I treasure my privacy. For an aspiring writer, however, treasured privacy might be a suicide wish for publication in today’s hyper-tech world where everyone is expected to “put themselves out there.” As Nathan Bransford points out, publishers want authors who are “Facebooking, Tweeting, blogging, and everything they can do to get out there.” New media is an obvious part of modern publicity and promotion, not only of one’s work, but of one’s self. To take it a step further, I think publishers want authors who can utilize new media in highly effective ways because new media is where the new audience is. Young people (the under 30s) are connected with technology in intimate ways and any author who can exploit that connection through regular blog posts, twitter updates, and a basic ability to put oneself out there continuously will naturally have a better chance to connect with those young people who will be the book purchasers of the future.
Would J.D. Salinger have survived the pummel of promotion today to become a beloved and enduring author, given his reclusive stance? If Thomas Pynchon had been twittering his life this whole time, what effects would that have on the reading public’s perception and acceptance of his work? (Imagine Pynchon tweets: #notanauthor Took baby to park, hung with other parents. Decided to include defecation sex scene for in-progress novel, Gravity’s Rainbow)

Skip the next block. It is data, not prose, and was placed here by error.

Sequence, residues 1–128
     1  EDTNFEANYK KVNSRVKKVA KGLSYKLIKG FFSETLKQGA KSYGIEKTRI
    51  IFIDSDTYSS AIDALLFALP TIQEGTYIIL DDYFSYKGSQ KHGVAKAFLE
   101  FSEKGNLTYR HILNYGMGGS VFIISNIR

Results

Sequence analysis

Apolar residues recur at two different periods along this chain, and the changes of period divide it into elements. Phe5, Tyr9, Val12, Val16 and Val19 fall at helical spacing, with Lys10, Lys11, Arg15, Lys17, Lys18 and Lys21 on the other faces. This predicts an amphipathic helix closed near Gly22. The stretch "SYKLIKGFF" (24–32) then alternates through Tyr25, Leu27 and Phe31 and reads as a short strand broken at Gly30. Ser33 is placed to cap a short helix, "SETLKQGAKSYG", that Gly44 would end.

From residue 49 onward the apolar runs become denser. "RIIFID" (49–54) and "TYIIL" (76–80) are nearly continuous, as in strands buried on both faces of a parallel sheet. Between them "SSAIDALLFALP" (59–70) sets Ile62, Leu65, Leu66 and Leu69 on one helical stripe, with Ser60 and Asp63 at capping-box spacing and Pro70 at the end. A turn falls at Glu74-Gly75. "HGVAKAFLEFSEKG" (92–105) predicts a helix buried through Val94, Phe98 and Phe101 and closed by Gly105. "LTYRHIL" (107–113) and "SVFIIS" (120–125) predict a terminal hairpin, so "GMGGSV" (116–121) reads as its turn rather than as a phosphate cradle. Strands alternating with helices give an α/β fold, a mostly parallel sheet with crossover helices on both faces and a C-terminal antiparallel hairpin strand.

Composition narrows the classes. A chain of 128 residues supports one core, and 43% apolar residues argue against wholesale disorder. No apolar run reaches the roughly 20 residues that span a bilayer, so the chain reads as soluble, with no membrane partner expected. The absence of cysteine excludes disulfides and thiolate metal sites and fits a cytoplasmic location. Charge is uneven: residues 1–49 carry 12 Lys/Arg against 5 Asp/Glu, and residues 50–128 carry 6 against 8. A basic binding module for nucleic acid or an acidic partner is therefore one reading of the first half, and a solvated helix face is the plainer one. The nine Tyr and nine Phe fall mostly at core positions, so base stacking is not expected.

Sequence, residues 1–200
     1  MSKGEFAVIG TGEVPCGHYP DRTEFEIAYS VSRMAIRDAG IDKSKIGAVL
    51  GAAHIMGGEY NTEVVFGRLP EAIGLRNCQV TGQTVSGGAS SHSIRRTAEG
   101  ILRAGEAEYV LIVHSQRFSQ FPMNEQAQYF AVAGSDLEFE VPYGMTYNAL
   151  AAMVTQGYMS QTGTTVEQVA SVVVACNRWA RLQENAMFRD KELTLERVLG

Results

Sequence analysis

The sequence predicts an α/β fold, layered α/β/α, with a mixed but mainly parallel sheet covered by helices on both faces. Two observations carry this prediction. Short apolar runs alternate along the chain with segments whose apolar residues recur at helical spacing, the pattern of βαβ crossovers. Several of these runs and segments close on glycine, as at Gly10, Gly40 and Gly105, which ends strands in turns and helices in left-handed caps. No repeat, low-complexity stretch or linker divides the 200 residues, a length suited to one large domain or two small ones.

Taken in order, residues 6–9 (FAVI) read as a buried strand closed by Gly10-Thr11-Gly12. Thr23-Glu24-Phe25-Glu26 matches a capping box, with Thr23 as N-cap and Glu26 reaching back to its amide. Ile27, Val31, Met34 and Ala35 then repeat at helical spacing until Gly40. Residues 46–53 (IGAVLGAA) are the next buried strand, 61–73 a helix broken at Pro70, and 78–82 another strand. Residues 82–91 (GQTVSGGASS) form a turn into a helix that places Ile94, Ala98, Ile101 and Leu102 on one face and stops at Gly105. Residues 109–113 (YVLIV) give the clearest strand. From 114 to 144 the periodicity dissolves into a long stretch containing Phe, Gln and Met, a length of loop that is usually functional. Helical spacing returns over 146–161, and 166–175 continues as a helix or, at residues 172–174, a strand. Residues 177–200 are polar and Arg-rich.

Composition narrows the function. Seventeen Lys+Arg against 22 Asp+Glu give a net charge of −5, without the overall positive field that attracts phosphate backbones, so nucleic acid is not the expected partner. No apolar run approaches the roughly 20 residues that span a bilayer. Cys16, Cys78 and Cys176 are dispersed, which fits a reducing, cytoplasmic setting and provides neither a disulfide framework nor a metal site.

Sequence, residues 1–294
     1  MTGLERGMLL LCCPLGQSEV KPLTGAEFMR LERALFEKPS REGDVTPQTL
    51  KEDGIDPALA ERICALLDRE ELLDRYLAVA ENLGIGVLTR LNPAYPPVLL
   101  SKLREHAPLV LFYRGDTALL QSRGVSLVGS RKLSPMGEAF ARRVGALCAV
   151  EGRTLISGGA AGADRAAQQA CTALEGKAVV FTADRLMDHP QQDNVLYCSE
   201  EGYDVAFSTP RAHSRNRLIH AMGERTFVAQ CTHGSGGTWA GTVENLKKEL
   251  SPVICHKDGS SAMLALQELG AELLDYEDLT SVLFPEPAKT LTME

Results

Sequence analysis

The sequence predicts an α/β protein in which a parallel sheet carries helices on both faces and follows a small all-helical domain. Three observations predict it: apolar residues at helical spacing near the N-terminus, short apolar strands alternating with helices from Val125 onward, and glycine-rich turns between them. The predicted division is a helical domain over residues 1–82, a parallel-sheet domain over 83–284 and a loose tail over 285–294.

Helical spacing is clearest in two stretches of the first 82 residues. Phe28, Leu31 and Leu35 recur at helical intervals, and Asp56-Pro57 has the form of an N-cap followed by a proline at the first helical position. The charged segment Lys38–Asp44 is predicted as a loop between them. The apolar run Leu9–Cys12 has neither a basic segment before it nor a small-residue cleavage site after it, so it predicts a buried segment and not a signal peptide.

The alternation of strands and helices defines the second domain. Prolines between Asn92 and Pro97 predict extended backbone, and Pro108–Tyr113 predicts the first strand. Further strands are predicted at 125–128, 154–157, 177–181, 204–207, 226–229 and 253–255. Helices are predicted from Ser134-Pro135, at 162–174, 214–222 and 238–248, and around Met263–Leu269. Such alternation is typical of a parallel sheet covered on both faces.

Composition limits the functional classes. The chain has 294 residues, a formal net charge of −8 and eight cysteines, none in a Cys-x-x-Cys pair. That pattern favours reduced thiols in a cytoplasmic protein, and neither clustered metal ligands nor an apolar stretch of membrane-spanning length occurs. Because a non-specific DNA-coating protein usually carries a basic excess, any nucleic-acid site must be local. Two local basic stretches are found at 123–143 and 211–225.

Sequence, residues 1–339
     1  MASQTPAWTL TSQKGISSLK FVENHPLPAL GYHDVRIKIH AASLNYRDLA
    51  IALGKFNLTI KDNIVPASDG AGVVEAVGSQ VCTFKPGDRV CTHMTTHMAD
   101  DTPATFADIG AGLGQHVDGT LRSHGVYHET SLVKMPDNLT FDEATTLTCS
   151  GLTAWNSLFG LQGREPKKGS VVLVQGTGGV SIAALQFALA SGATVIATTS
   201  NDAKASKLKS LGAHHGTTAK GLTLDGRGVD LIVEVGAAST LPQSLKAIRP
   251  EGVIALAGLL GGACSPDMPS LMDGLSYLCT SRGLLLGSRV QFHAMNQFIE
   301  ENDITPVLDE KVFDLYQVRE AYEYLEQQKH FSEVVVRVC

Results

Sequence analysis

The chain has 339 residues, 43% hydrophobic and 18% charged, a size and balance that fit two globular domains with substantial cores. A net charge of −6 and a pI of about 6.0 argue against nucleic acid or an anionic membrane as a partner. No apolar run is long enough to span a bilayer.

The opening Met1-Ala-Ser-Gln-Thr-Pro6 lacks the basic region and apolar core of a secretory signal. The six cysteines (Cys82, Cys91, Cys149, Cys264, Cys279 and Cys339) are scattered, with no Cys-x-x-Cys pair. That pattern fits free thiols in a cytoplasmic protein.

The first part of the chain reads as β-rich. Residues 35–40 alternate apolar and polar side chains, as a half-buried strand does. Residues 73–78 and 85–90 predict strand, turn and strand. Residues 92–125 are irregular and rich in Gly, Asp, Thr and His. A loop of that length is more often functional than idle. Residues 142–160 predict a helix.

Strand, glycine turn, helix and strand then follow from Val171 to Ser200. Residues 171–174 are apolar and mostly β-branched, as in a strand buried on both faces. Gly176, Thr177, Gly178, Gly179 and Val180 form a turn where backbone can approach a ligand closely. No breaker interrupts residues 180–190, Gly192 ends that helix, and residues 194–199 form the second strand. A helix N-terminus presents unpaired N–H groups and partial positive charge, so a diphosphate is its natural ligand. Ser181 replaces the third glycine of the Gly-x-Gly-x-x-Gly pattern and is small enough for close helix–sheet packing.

Then again, writers aren’t like pop music stars or actors. Their public image is still a private one, based on their writing that, in all likelihood, has less readers and fans than even a mid-grade actor like, say, Steve Bushemi. In her promotions for the film The Incredibles, writer and NPR commentator Sarah Vowell was asked about her experience on the red carpet. She said it was horrifying, with paparazzi chirping her name left and right while snapping pictures with enormous flashbulbs. “We don’t have paparazzi in public radio,” she said. Author privacy, though a little less private in today’s world, certainly still exists.